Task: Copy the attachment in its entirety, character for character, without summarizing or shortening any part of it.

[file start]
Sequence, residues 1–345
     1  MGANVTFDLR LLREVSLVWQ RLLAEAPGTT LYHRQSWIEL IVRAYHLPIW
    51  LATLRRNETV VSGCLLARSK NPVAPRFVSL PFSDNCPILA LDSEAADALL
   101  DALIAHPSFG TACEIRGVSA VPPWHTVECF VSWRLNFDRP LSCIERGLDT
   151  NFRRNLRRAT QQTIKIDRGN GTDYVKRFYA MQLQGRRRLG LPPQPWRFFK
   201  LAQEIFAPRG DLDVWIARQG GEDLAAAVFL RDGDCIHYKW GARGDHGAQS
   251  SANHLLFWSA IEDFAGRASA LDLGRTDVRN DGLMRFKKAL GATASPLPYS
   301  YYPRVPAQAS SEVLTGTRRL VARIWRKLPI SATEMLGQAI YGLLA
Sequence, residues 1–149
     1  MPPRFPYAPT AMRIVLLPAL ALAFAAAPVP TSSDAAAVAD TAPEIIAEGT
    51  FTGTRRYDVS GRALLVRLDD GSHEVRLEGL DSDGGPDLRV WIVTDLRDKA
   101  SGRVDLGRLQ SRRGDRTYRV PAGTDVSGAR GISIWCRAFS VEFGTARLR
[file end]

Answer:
Sequence, residues 1–345
     1  MGANVTFDLR LLREVSLVWQ RLLAEAPGTT LYHRQSWIEL IVRAYHLPIW
    51  LATLRRNETV VSGCLLARSK NPVAPRFVSL PFSDNCPILA LDSEAADALL
   101  DALIAHPSFG TACEIRGVSA VPPWHTVECF VSWRLNFDRP LSCIERGLDT
   151  NFRRNLRRAT QQTIKIDRGN GTDYVKRFYA MQLQGRRRLG LPPQPWRFFK
   201  LAQEIFAPRG DLDVWIARQG GEDLAAAVFL RDGDCIHYKW GARGDHGAQS
   251  SANHLLFWSA IEDFAGRASA LDLGRTDVRN DGLMRFKKAL GATASPLPYS
   301  YYPRVPAQAS SEVLTGTRRL VARIWRKLPI SATEMLGQAI YGLLA
Sequence, residues 1–149
     1  MPPRFPYAPT AMRIVLLPAL ALAFAAAPVP TSSDAAAVAD TAPEIIAEGT
    51  FTGTRRYDVS GRALLVRLDD GSHEVRLEGL DSDGGPDLRV WIVTDLRDKA
   101  SGRVDLGRLQ SRRGDRTYRV PAGTDVSGAR GISIWCRAFS VEFGTARLR